Resolution solutions: Steps to making life changes

The experts weigh in on how to keep your resolutions on track before the ball drops next year.

Every New Year inspires resolutions. If you know how to plan and avoid pitfalls, this could be the year you succeed.

Why you break resolutions

Lose weight, stop smoking, be nicer to your spouse, try harder at work … all these are common resolutions that may have made your list at some point. Why don’t you keep them long-term? The answer is in the brain.

Eva Ritvo, M.D., a psychiatrist in private practice in Miami Beach, and co-author of The Beauty Prescription, explains that changing how you think and behave is difficult once you’re an adult because neurologic connections are set. “Changes are going to take substantial effort, just like if you want to learn a foreign language.”

In order to “rewire,” or change, the brain, repetition is required, and so is effort and planning ahead to avoid falling back on old behaviors. Say you want to lose weight, figure out what you’re going to eat, get a recipe book and stock up the kitchen. What exercise are you going to do? “Try out different forms, and choose something you like enough that you can stick with it,” Eva says. Put it on your schedule. Break down the resolution into attainable increments. In the case of weight loss, aim for a pound a week. Reward yourself when you reach goals.

The experts weigh in on how to keep your resolutions on track before the ball drops next year.



The common mistake to avoid when it comes to exercise is making unrealistic expectations or setting extreme goals, says Edith Angulo Valdes, a certified fitness professional and personal trainer in South Florida. For example: work out everyday and completely transform my body. “It’s not realistic; our schedules don’t allow that,” she explains.

“Instead, you could say I’ll work out three times a week, taking into account your work schedule and time with the kids. Be realistic, set periodic goals, and reward yourself when you meet your goals . Assess every three months, and make changes accordingly. Edith cautions not to be too hard on yourself, but also be mindful.

“Catch yourself when you’re making excuses and justifications for being lazy or don’t want to break bad habits.” Use visualization techniques. Put a photo of a slimmer you on the refrigerator. Make a list of pros and cons to having a healthier lifestyle – wanting to feel good, declining health, and impact on your pocket.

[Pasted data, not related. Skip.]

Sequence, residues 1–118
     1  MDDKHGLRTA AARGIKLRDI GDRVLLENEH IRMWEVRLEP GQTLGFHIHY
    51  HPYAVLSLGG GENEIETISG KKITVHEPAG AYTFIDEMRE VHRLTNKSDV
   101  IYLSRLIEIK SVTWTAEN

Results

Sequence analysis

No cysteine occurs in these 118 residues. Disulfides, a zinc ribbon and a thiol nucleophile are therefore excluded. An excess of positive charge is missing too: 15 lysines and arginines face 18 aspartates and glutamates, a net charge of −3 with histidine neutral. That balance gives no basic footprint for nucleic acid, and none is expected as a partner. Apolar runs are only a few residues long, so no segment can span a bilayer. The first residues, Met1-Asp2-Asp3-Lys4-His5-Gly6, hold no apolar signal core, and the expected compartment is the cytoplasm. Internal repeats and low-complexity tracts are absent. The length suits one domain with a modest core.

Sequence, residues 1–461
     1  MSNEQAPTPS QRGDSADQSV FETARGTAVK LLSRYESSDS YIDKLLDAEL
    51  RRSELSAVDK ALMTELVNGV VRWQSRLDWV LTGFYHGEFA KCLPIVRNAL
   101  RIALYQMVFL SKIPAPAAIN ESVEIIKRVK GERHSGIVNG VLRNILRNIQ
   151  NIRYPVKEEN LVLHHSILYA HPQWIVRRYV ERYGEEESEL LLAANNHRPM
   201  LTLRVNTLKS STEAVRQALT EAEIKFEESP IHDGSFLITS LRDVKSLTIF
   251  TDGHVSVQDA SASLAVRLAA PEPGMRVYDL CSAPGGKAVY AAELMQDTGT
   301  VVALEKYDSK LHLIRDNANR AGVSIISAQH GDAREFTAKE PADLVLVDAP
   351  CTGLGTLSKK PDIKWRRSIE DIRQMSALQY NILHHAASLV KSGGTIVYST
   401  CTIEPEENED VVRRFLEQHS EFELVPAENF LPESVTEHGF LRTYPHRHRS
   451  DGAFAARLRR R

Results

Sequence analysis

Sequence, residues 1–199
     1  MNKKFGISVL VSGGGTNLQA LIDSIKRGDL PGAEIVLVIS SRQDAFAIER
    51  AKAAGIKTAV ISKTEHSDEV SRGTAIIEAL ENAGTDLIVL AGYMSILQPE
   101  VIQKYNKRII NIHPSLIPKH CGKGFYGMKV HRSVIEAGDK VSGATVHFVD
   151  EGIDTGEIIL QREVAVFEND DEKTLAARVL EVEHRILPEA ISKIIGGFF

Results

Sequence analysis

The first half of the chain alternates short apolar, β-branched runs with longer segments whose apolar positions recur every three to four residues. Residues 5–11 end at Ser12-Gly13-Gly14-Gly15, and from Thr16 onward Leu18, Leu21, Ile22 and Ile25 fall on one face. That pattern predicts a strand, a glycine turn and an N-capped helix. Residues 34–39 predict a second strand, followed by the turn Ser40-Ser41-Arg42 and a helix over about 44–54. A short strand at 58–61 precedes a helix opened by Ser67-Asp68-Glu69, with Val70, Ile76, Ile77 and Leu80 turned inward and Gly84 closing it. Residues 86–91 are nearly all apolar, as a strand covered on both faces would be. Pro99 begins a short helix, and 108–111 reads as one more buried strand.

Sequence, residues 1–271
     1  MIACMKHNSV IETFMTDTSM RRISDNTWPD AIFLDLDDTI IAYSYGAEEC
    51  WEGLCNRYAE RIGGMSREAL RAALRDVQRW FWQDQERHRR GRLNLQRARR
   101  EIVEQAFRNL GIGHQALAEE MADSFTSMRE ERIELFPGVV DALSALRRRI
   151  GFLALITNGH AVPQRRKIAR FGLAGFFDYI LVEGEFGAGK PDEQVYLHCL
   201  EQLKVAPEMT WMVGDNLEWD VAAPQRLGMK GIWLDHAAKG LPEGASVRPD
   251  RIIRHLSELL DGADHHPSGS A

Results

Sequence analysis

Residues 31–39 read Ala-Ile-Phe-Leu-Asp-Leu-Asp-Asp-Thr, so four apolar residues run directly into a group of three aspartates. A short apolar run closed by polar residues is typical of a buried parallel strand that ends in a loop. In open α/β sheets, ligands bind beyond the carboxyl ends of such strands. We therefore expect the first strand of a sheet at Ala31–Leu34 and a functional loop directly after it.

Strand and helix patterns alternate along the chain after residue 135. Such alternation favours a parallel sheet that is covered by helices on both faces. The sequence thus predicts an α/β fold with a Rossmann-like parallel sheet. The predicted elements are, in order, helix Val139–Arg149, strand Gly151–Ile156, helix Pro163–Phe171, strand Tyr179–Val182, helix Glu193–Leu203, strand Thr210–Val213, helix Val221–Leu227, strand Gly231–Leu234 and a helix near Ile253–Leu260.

Nutrition resolutions are often broken because they are too vague. For example, saying you want to give up fat doesn’t say how, when, how much, or how to track it. “If starting with very vague goals, make them SMART,” explains Jennifer Kay Nelson, MS, RD, LD, director of clinical dietetics and nutrition at the Mayo Clinic in Rochester, Minnesota.

Smart stands for: specific, measurable, attainable, realistic and trackable. Look at what you’re currently eating. Are you getting 5-9 servings of fruits and vegetables daily? Are your portions of meat, poultry or fish too large? Maybe you’re eating too many refined carbs.

Make a plan . Substitute starchy carbs with whole grains: brown rice vs. white rice and whole wheat bread vs. white, refined bread. Plan ahead for when temptation strikes. “It’s like the spare tire in the car; if you get a flat tire, you can reach into that trunk and pull out a solution.”

Have fruit available so you don’t reach for a candy bar during a mid-morning snack attack. Have a buddy you can call when you feel like giving up. For 2013, add more of these to your diet: fresh or frozen fruits such as melons, oranges and berries; and vegetables, especially dark greens like kale, chard and spinach. Other tips: eat breakfast daily; switch to healthy fats; consume sugar only in fruits; avoid eating at restaurants, unless it’s fresh and lightly processed foods only; and keep a food record.



Save money for retirement, pay off credit cards and loans, and put money away for a vacation. Sound familiar? All are common financial resolutions. “Don’t do everything at once,” recommends Isis B. Palicio, LUTCF, MBA, executive vice president and COO of Universal Wealth Managers, LLC in Coral Gables, Florida.

“We fail because of poor planning.” If you focus all your disposable income towards simply paying down your debt, if you have an emergency, guess where you’re going to go – a credit card. If you have $100 disposable income, take $50 to pay off debt, and put the rest in a savings account, or something equivalent. Another tip she offers is to use debit cards instead of credit cards to avoid paying interest.

Countdown to success

Countdown to success.

Whatever your resolution, understand getting discouraged is part of the process , explains Eva. The key is to not give up, a common mistake. Talk to someone, and resume the next day.

“Give yourself space to recognize change is not easy, but can be done.” Maintaining optimal brain health is essential for success, and achieved through sufficient sleep, proper nutrition, avoiding drugs and alcohol; and trying new things such as painting or playing an instrument to stimulate the brain.